Italy opens new museum of rescued treasures in Rome

Museum collection contains antiquities repatriated from US.

Italy has opened a new museum showcasing ancient artefacts that were looted from Italian archaeological sites and trafficked abroad before being rescued by art police.

The Museo dell’Arte Salvata (Museum of Rescued Art) is housed in the Octagonal Hall at the Baths of Diocletian, part of the National Roman Museum network in Rome.

The collection boasts 260 Etruscan, Greek and Roman artefacts, many of which were stolen by tomb-raiders or tombaroli before making their illicit way into private collections, museums and auction houses.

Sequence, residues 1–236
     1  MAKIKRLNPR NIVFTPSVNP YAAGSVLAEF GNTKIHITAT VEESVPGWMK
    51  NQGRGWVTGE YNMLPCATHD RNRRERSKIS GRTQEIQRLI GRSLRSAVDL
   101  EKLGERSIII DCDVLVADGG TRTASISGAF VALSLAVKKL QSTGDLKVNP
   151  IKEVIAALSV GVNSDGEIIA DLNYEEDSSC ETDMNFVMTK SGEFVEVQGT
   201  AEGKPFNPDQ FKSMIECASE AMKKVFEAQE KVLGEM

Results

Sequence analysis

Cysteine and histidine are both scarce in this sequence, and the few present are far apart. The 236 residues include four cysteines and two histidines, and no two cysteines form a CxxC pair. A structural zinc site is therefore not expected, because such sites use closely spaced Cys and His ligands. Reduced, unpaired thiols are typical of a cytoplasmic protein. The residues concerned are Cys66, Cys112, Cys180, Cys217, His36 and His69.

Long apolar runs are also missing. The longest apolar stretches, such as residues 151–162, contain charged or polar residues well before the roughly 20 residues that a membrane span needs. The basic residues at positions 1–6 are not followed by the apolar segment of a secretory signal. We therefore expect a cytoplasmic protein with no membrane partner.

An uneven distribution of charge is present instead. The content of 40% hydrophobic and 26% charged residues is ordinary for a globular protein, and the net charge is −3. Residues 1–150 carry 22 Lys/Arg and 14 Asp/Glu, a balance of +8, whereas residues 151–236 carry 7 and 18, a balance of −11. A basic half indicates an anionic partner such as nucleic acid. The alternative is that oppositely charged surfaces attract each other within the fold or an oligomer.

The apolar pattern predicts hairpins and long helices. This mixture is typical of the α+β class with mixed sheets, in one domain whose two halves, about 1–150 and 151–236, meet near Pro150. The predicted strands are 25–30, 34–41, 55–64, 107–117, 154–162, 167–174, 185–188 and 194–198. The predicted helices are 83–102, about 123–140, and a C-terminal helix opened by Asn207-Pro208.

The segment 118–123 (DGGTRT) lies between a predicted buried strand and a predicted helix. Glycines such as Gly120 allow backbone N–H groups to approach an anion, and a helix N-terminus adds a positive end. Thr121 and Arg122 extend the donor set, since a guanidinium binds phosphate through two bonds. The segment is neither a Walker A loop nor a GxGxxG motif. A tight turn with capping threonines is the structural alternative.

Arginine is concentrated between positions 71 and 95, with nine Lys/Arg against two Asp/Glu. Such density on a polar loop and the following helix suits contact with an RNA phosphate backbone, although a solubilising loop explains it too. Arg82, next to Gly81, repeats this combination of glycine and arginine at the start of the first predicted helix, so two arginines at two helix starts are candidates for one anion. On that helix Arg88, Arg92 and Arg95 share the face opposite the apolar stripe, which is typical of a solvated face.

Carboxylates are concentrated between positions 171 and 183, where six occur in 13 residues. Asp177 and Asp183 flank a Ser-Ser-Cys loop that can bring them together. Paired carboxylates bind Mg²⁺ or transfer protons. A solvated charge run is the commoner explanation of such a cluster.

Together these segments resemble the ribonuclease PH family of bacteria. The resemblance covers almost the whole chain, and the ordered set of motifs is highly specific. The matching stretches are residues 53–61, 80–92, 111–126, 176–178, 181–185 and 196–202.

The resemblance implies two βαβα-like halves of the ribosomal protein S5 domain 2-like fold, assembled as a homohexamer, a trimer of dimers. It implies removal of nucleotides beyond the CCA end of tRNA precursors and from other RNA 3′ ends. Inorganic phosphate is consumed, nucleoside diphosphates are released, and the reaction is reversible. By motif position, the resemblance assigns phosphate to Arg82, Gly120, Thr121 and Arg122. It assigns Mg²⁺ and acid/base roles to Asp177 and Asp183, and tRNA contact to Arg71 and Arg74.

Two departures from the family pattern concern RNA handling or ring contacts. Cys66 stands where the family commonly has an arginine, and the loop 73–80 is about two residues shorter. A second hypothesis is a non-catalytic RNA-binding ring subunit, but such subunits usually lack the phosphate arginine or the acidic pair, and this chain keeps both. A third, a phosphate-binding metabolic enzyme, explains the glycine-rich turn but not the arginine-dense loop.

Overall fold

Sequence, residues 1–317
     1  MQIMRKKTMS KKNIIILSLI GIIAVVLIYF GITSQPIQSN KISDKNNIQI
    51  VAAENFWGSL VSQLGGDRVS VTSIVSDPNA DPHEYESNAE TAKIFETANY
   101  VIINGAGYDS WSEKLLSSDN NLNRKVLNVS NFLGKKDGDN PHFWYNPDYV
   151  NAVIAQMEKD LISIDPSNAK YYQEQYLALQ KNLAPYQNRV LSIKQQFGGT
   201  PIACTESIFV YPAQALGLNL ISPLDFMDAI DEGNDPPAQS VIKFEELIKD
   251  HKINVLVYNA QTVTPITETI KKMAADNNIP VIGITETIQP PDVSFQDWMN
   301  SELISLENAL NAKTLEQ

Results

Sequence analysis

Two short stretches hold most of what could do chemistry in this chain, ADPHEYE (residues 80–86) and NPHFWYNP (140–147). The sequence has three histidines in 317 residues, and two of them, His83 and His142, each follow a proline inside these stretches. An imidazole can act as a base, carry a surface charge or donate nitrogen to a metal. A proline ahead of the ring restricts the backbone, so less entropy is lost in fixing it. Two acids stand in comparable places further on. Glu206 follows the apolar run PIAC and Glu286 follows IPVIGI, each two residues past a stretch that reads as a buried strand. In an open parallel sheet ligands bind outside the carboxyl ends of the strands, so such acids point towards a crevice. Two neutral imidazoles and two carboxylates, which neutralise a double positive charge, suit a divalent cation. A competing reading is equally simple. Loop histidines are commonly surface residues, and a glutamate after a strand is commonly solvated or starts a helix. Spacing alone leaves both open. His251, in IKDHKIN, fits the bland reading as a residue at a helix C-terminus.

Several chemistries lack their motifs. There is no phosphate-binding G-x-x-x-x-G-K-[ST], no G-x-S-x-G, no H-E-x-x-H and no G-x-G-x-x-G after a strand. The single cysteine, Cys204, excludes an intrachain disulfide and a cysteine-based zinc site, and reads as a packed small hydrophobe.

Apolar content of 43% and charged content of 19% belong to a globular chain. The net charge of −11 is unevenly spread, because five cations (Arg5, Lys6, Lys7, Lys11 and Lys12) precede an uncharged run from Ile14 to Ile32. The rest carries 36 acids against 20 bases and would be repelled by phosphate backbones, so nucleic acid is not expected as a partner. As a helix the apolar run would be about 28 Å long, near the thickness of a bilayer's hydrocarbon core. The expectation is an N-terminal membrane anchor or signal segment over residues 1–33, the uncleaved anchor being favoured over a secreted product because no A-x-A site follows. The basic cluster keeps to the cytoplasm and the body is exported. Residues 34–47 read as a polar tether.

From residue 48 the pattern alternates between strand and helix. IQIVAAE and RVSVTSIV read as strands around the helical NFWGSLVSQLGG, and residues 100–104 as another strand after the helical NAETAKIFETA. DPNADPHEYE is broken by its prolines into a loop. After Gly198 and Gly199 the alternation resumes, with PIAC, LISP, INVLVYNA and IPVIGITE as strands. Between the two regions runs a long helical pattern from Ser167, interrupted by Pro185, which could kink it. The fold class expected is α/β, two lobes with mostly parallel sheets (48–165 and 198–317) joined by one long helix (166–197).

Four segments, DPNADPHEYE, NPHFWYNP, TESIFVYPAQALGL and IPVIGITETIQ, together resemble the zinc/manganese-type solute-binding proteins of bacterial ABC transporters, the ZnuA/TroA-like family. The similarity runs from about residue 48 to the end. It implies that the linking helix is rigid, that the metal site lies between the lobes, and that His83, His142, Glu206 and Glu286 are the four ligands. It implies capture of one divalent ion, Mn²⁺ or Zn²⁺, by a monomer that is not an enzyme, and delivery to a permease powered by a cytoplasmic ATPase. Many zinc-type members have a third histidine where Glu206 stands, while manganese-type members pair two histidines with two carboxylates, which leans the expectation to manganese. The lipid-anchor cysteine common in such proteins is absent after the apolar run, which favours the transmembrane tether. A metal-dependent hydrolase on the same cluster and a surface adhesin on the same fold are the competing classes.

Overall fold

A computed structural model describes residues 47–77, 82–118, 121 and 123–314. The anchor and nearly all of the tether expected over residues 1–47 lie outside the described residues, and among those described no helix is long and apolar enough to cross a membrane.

The majority of the pieces in the new museum’s rotating collection were seized as part of a $10 million repatriation overseen by the Manhattan district attorney’s office in collaboration with the TPC cultural heritage unit of the Carabinieri.

Italian culture minister Dario Franceschini, who inaugurated the museum, said that stolen works of art and archaeological finds that are dispersed, sold or exported illegally represent “a significant loss for the cultural heritage of a country”, adding that the “protection of these treasures is an institutional duty, but also a moral commitment”.